Econ2: People/Ball/Lehman PDF

Bob and the guest spent much of the time dissecting the Fed decisions to not bailout Lehman Brothers and then a short time later, to bail out AIG. Bob added a coda to the interview in the closing minutes of the show that at the time he thought it was a bad decision by the Fed and he was glad that the guest agreed with him.

To review: Some months earlier in March of 2008 the Fed made an emergency loan to Bear Stearns so it could avoid collapse. Then it was acquired by JPMorgan. Next up was Lehman Bros. in September 2008. But in this case, the Fed opted not to intervene. The guest pointed out that the Fed’s justification was a legal one: they could lend only if there was good collateral. Later in the interview the guest said that Lehman did have good collateral.

There had been backlash against the Bear Stearns bailout and the government’s propping up of Fannie Mae and Freddie Mac. Treasury Secretary Hank Paulson did not want to become known as “Mr. Bailout.” So, goodbye Lehman Bros.

Within 24 hours global credit markets froze.

The Fed did not want to compound the damage and therefor decided to bail out AIG.

Professor Ball said that the Fed saw what happened when Lehman failed and they knew if AIG followed there would be worse destruction.

Did personalities enter the equation?

Hank Paulson had been Chairman of Goldman Sachs. Richard Fuld ran Lehman. There was talk of “animus,” as Bob put it. The guest did not bite.

Bob asked why has there been so much criticism in the years following Sept. 2008.

The guest said that Bernie Sanders didn’t like Wall Street’s recklessness and the subsequent tax payer funded bailout. Conservatives like free markets and minimal government involvement. He said the rescue of the banking system was a pragmatic thing to do. The policymakers insist that letting Lehman go was not a mistake, but the guest differed. He said it was a mistake to let Lehman go, but he would still give them a good grade in the overall handling of the situation, given its complexity.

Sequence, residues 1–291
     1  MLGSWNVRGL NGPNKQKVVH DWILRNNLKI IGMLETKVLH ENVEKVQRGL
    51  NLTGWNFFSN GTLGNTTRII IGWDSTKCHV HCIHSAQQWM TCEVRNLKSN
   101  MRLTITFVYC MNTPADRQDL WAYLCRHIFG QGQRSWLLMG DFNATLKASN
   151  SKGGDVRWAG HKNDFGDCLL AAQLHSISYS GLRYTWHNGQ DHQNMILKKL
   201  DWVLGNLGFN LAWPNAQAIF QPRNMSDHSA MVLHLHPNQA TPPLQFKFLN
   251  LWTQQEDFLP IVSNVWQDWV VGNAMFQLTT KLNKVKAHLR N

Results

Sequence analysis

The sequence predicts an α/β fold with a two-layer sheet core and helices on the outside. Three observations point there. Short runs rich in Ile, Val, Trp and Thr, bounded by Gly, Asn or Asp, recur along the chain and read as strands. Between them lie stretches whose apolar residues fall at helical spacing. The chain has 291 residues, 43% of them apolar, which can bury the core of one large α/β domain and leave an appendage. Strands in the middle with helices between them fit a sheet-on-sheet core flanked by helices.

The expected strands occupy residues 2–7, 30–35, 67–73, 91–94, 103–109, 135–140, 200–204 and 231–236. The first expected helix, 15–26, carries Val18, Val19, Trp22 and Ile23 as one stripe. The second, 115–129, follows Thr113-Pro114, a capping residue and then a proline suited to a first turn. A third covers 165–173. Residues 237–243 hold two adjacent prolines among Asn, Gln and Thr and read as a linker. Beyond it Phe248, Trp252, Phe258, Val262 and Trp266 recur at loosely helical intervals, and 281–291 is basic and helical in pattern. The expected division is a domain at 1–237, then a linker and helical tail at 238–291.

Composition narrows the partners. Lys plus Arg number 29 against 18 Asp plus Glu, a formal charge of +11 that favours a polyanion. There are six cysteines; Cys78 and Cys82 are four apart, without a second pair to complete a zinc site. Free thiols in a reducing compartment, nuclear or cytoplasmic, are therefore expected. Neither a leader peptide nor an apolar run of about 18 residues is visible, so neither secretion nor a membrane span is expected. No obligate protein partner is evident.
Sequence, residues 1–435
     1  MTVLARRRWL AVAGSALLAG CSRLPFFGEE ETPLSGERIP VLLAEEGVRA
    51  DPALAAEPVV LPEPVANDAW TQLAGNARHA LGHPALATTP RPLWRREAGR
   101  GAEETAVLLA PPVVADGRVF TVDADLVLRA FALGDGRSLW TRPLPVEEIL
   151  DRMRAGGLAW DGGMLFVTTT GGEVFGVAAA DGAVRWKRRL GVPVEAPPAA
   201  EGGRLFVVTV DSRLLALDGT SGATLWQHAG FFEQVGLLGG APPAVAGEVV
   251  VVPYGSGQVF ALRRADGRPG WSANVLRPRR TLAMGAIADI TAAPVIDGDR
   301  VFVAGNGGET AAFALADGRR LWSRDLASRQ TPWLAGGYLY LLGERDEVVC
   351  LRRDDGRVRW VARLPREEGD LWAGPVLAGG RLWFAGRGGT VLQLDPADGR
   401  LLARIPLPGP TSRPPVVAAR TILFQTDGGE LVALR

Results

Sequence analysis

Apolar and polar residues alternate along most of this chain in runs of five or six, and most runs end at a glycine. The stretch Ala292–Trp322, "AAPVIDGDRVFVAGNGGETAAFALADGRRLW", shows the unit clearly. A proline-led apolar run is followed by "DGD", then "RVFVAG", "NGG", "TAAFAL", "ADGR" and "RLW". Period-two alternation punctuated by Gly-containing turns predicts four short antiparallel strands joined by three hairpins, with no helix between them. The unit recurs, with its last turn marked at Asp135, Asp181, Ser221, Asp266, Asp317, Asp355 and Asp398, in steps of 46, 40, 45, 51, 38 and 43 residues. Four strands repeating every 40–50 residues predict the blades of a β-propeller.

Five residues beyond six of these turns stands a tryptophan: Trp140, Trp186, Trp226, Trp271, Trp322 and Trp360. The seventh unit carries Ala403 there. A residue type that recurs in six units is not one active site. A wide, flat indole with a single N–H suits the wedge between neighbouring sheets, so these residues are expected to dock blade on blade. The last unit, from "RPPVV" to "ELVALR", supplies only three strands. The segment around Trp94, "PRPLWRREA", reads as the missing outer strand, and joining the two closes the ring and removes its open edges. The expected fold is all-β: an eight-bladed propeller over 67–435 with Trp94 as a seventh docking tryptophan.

Ron from Washington State said AIG had a great deal of counterparty risk and companies today have even more than existed at the time. Why doesn’t the government force them to unwind these deals? The guest seemed to agree that the underlying problem (of counterparty risk) has not been rectified. He said Dodd Frank may not be a strong enough set of rules to protect against similar risks in the future.

“Until the political influence of Wall Street changes there will be no financial reform.”

Eric from MN brought us the phrase of the day referring to Dodd Frank, the big banks and Wall Street: “We have a longer fuse but a bigger bomb.”

Bob ran the repeal of Glass Steagal up the flag pole asking if it was just a coincidence that after its repeal the collapse took place. The guest said Bear Stearns and Lehman were not affected by GS.

Walt in Toledo wanted to know what part did Goldman Sachs play, having sold securities that they knew were backed by toxic mortgages? The guest was not quick to condemn them. He said there was plenty of blame to go around on selling these and there was no smoking gun on criminal activity. People “made mistakes” and there was “reckless risk taking.” Investment banks held onto some of the same bad securities such as Goldman’s designed-to-fail package which they sold to European banks.

David in Washington State asked about the failure to bail out Washington Mutual – was it personal? The guest did not answer.

Editorial note: The collapse of Washington Mutual was the largest bank failure in the US. They operated in 15 states and employed over 40,000 people. Their slogan was “Whoo Hoo!” In September 2008 their credit was downgraded and depositors began pulling money out. Like Bear Stearns, they were acquired by JPMorgan. 

During the interview the guest said he is looking for a publisher and would like to use this research paper as the basis for a book. Bob said he’d like to have him back as a guest after the book is published.

Bob wrapped up at 3:51.

JEFFCHRISTIE'S MONEYTALK FINAL EXAM QUESTION:

Bob Brinker said that he thought Stanley Fischer the vice chair of the Fed was:

A) Dreaming.
B) Out of his gourd.
C) Not the cat's pajamas.
D) High on something.
ANSWER

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Friday, August 19, 2016

August 19, 2016....Honey's Very Sad Week

August 19, 2016.... A good-bye memorial post to Lama, a very special cat.

For about 3 months now, I have known that my beautiful 18 year-old white, Flame-Point Himalayan cat was not going to be with me much longer. But like we all do with cherished pets, I wanted to delay saying good-bye as long as possible.

Last week, I realized that his health had deteriorated to the point where he was suffering, and that I was being selfish by allowing it to continue.

So I decided to give myself just a few more days to lavish him with love and attention, but I still set a deadline by calling my veterinarian and making an appointment to take him in on Monday.

Monday, I held him in my arms as the vet gently put him to sleep for the last time. He is now running free in green meadows - Once again playing with his brother and sister, Dolly (on the left) and Yoda (on the right).